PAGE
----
Lucian and the Atticists: A Barbarian at the Gates

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This dissertation investigates ancient language ideologies constructed by Greek and Latin writers of the second and third centuries CE, a loosely-connected movement now generally referred to the Second Sophistic. It focuses on Lucian of Samosata, a Syrian “barbarian” writer of satire and parody in Greek, and especially on his works that engage with language-oriented topics of contemporary relevance to his era. The term “language ideologies”, as it is used in studies of sociolinguistics, refers to beliefs and practices about language as they function within the social context of a particular culture or set of cultures; prescriptive grammar, for example, is a broad and rather common example. The surge in Greek (and some Latin) literary output in the Second Sophistic led many writers, with Lucian an especially noteworthy example, to express a variety of ideologies regarding the form and use of language. A number of authors, including Lucian, practiced Atticism, the belief that the best literature wouldn be made possible by reviving the Attic dialect of Classical Athens, language of Plato and Aristophanes. Others, however, disagree with the narrow and perhaps pretentious version of Greek this ideology produced; intriguingly Lucian was a member of this group as well. This study examines Lucian’s complex and contradictory attitudes towards linguistic practices, focusing the works of his that address Atticism and other linguistic topics—such as the degree to which mastery of a language and its culture will allow one to identify with that culture. Here, too, Lucian portrays the relationship between linguistic practice and cultural identity in several different ways. Investigations into the linguistic views of other authors of the period help answer the question of which contemporary ideologies Lucian may be drawing on for his satire. The dissertation concludes that the detailed, specific humor of Lucian’s linguistic satire is tied into his overall project of creating a distinctive ethnic, cultural, and linguistic position for the self-representation of his disparate personae.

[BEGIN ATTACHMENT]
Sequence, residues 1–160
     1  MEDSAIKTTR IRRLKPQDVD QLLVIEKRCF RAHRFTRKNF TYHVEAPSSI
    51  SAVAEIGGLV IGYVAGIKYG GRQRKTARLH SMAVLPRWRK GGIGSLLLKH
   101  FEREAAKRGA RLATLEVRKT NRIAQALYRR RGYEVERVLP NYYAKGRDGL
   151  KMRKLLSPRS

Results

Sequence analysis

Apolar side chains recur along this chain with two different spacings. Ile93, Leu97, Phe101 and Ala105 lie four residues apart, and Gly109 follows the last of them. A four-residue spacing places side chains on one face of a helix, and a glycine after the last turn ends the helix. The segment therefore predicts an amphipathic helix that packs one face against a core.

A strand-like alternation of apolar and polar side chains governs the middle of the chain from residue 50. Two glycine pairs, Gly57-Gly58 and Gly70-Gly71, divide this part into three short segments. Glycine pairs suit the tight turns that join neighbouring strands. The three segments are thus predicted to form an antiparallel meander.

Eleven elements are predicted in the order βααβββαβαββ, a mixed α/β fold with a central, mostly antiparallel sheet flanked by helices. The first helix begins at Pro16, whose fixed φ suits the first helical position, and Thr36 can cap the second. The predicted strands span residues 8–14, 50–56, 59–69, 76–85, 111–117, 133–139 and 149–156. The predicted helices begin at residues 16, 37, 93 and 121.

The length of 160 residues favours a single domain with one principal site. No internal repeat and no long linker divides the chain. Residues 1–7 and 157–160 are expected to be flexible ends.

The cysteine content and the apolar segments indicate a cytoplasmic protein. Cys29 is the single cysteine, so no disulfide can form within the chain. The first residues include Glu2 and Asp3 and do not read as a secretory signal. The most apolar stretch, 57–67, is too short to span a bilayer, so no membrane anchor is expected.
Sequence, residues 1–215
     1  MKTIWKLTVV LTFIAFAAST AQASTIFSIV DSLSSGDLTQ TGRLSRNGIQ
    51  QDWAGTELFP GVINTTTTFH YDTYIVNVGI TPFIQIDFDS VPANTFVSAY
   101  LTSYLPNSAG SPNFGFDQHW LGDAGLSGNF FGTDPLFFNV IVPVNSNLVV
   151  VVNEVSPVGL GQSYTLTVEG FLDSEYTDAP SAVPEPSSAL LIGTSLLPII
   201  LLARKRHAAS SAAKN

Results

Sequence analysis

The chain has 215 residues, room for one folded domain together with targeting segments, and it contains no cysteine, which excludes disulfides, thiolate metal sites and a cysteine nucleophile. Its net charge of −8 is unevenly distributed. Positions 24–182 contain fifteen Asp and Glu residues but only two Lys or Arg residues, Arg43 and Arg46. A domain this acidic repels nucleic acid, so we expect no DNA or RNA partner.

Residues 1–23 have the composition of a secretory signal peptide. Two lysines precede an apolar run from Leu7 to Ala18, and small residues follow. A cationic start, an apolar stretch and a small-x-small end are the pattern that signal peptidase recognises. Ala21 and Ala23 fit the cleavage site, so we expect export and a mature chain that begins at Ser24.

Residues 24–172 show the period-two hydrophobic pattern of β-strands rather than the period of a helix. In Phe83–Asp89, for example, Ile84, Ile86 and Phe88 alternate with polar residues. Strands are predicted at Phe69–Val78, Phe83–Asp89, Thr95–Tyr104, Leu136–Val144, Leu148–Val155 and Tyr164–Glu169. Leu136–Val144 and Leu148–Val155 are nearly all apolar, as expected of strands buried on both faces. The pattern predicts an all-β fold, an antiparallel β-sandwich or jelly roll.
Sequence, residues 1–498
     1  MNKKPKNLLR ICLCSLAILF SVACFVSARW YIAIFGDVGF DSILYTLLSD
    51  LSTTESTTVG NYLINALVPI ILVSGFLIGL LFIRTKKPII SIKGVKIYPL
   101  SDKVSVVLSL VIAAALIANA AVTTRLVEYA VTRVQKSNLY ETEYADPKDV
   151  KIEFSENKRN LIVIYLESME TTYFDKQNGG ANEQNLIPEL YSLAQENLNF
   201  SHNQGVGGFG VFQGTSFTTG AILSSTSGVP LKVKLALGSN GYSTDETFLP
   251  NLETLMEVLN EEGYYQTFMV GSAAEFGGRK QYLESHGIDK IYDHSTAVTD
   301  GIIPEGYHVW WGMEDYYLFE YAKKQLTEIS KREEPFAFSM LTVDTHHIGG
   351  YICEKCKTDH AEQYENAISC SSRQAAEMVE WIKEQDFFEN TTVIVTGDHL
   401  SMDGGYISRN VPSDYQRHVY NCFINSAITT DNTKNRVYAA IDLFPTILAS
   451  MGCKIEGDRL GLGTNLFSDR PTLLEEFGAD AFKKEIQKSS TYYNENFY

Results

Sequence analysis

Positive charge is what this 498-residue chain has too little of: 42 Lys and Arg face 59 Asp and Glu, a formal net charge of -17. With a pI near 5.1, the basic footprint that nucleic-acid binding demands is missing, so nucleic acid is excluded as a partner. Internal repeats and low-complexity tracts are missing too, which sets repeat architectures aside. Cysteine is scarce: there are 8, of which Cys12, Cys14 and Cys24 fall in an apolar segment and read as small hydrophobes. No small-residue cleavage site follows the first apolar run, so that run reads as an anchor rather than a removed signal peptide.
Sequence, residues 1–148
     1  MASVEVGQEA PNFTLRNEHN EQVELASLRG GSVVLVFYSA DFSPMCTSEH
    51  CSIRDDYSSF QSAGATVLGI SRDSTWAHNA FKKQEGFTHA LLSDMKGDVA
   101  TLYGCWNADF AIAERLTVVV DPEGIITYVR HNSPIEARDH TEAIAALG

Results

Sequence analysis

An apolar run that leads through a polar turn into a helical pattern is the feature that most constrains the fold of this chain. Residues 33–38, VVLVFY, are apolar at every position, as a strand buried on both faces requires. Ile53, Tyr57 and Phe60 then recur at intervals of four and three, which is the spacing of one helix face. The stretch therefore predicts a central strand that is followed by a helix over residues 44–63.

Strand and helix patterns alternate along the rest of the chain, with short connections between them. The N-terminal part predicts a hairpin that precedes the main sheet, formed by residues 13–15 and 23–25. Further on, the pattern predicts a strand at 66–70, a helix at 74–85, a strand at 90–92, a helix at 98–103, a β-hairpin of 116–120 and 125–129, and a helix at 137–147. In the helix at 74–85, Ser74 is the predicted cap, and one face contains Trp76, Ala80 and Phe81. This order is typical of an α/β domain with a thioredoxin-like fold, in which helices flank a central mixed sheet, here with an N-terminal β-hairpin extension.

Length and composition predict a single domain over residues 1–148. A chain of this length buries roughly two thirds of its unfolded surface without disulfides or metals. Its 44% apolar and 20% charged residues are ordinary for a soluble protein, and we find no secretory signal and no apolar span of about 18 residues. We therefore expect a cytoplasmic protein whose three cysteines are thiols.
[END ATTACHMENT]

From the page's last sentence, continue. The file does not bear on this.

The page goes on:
Stifler, David William Frierson (2019). Lucian and the Atticists: A Barbarian at the Gates. Dissertation, Duke University. Retrieved from


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